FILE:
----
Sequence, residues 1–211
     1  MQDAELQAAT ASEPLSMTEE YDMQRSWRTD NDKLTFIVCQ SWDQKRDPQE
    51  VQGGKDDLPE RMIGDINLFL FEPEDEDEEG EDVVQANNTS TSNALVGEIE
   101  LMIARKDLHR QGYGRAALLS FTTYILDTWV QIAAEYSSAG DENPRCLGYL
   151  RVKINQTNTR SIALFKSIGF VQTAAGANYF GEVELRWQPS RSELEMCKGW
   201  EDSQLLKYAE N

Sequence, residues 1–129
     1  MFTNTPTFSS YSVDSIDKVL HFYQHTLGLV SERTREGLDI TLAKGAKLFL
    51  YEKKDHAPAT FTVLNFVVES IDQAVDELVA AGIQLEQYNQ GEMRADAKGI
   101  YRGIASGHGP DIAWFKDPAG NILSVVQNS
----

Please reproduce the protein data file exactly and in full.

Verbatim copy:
Sequence, residues 1–211
     1  MQDAELQAAT ASEPLSMTEE YDMQRSWRTD NDKLTFIVCQ SWDQKRDPQE
    51  VQGGKDDLPE RMIGDINLFL FEPEDEDEEG EDVVQANNTS TSNALVGEIE
   101  LMIARKDLHR QGYGRAALLS FTTYILDTWV QIAAEYSSAG DENPRCLGYL
   151  RVKINQTNTR SIALFKSIGF VQTAAGANYF GEVELRWQPS RSELEMCKGW
   201  EDSQLLKYAE N

Sequence, residues 1–129
     1  MFTNTPTFSS YSVDSIDKVL HFYQHTLGLV SERTREGLDI TLAKGAKLFL
    51  YEKKDHAPAT FTVLNFVVES IDQAVDELVA AGIQLEQYNQ GEMRADAKGI
   101  YRGIASGHGP DIAWFKDPAG NILSVVQNS